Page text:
Americans seeking medical care expect a certain level of privacy. Indeed, the need for patient privacy is a principle dating back to antiquity, and is codified in U.S. law, most notably the Privacy Rule of the 1996 Health Insurance Portability and Accountability Act (HIPAA), which establishes standards that work toward protecting patient health information. But the world of information is rapidly changing, and in this environment, U.S. rules fall precariously short in protecting our medical data...

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Study Shows Electronic Health Information Exchanges Could Cut Billions in Medicare Spending

Press Release | University of Notre Dame | September 13, 2017

Spending on entitlement programs like Medicare and Medicaid consumes some two-thirds of all federal spending, but new research from the University of Notre Dame shows that information technology investments in health care lead to significant spending reductions — potentially in the billions of dollars...

Study: Brand Name Drugs Drive Up Medicare Spending

Ankita Rao | The Washington Post | June 11, 2013

A new study suggests that cash-strapped Medicare missed an opportunity to save more than $1 billion by not addressing the varying costs and use of prescription drugs. Read More »

Study: EHR-Related Safety Issues Linger Long After Implementation

Staff Writer | iHealthBeat | June 23, 2014

Patient safety issues stemming from electronic health record systems continue long after implementation, according to a new study published in the Journal of the American Medical Informatics Association, Modern Healthcare reports...

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Surprise: Every American Will Not Have An Electronic Health Record This Year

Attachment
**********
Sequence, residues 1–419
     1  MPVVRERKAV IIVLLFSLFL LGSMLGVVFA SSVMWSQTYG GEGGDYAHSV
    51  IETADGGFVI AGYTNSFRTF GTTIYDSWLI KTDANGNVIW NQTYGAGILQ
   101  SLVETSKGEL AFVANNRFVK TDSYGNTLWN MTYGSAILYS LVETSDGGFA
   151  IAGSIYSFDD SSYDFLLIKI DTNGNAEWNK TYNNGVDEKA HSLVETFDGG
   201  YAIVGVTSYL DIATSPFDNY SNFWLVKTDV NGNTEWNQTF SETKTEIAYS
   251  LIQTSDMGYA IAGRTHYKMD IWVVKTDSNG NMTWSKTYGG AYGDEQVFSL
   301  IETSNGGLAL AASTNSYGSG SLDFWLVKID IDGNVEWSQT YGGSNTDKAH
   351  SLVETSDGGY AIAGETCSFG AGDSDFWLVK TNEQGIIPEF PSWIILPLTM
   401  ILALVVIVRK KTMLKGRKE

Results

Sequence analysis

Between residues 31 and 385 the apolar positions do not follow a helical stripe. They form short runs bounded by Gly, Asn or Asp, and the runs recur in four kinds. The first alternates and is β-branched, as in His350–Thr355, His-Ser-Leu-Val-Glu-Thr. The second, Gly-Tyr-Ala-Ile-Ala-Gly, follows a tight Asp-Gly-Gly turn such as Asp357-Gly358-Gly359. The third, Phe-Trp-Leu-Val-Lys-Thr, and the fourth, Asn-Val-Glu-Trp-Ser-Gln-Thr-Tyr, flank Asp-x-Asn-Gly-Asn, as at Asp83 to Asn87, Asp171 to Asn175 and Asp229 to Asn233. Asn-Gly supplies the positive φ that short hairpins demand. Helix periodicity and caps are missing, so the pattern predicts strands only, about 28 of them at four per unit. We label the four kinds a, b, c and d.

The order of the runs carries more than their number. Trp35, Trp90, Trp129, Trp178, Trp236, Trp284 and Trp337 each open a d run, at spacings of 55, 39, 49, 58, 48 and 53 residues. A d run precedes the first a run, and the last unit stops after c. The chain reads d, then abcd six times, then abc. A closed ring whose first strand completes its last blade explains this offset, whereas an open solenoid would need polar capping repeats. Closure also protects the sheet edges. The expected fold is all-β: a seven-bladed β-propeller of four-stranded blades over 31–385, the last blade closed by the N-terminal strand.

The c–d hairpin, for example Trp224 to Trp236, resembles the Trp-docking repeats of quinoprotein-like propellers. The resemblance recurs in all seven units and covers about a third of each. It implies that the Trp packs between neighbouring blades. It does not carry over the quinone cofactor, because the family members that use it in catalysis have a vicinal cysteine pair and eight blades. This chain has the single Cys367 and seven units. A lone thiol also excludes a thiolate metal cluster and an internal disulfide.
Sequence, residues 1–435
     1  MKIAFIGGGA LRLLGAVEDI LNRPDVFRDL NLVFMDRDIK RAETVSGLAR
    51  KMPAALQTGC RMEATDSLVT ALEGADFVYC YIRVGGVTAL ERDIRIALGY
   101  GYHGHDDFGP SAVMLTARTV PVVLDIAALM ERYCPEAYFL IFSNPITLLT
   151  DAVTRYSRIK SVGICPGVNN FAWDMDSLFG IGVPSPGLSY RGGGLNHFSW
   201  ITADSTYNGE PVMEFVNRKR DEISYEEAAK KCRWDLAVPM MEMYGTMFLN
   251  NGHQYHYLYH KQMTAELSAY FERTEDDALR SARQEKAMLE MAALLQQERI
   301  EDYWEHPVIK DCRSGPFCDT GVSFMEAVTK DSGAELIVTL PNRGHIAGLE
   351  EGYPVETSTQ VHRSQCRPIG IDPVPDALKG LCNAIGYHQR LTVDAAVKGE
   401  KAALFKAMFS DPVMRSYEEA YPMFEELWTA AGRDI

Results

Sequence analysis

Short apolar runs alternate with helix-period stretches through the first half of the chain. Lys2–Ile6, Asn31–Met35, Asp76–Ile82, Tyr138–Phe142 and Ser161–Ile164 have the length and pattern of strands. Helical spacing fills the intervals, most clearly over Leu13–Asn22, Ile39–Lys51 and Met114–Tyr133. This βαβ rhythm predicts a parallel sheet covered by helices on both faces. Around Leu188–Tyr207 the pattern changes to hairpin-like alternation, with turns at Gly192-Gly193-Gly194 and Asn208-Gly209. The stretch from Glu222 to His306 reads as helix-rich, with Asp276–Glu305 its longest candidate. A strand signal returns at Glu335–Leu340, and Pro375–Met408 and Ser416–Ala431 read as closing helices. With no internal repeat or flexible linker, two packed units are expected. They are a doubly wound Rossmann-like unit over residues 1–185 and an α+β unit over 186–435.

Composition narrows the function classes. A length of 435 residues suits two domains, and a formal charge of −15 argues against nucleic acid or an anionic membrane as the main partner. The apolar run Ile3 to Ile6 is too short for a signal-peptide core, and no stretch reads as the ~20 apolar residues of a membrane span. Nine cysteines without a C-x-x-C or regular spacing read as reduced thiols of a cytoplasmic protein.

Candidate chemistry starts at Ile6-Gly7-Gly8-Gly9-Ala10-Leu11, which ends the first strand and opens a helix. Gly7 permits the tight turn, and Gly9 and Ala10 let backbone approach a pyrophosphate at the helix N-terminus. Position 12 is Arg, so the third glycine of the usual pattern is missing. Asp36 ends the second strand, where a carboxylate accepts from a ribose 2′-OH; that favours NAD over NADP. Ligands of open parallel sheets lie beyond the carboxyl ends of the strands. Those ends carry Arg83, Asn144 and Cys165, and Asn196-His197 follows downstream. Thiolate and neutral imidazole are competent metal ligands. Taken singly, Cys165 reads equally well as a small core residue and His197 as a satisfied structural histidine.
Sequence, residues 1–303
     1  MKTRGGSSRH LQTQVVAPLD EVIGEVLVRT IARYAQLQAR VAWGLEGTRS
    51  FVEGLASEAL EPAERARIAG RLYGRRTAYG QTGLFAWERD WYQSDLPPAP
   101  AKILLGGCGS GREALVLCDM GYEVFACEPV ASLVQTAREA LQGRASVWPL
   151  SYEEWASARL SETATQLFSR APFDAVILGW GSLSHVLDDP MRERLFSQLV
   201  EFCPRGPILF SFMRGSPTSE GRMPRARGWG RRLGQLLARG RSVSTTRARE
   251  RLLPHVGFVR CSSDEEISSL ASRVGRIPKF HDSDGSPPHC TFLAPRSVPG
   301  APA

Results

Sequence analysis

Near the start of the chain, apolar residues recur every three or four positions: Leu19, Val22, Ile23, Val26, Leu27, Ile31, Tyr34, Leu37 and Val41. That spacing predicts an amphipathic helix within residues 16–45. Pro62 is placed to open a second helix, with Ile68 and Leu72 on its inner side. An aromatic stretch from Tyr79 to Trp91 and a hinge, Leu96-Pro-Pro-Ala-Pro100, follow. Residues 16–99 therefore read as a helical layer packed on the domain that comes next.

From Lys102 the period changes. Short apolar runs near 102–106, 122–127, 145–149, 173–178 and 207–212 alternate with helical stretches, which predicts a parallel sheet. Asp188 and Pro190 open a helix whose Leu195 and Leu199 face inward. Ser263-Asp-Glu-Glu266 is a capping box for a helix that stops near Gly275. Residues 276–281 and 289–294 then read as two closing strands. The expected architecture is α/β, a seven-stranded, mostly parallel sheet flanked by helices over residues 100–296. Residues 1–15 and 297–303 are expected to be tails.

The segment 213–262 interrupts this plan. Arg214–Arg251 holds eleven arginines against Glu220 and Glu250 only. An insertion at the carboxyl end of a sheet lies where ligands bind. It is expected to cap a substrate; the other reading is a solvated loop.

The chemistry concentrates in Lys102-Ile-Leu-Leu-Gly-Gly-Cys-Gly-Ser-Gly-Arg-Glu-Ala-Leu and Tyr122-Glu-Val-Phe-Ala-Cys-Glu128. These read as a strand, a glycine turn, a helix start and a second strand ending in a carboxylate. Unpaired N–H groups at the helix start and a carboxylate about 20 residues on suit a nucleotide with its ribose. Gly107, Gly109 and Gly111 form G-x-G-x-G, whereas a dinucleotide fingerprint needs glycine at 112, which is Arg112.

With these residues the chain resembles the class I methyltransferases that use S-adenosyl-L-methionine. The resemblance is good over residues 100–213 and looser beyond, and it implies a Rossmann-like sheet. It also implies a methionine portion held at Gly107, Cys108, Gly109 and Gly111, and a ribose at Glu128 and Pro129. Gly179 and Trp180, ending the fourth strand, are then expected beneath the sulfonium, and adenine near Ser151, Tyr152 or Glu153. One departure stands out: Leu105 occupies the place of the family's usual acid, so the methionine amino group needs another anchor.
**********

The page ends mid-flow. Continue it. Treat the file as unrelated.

Bob Brewin | Nextgov.com | October 9, 2014

In 2004, President George W. Bush kicked off a project designed to provide most Americans with an electronic health record in 2014. That was followed by a similar goal set by President Barack Obama in 2009.  But as the end of 2014 comes nearer, these ambitious goals still have not been met...

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Take Long View On Health Reform

Terry Schlemeier | Columbia Daily Tribune | December 15, 2013

Americans, especially the press, seem to be obsessive regarding the Affordable Care Act — or the sobriquet "Obamacare," as it has been dubbed. At first I was slightly disheartened by this, but, given further thought, it is only natural. For far too many years, we had no cohesive "system" for our health care, and now everyone, so it seems, is looking at a real system. Read More »

Technical Requirements For Coordinating Care In An Accountable Care Organization

Andy Oram | O'Reilly Radar | August 10, 2012

The concept of an Accountable Care Organization (ACO) reflects modern hopes to improve medicine and cut costs in the health system. Tony McCormick, a pioneer in the integration of health care systems, describes what is needed on the ground to get doctors working together. Read More »

Telemedicine Clinics Make Inroads Into Primary Care

Don Fluckinger | SearchHealthIT | July 1, 2013

The health IT expansion of the last five years seemed to have left behind videoconferencing for remote patient visits. While it would seem a no-brainer that can potentially save time for both patient and provider, telemedicine seems to have been reserved for high-demand specialists, such as emergency stroke physicians and dermatologists who use telemedicine implementations to bring their skills to patients in rural areas. Read More »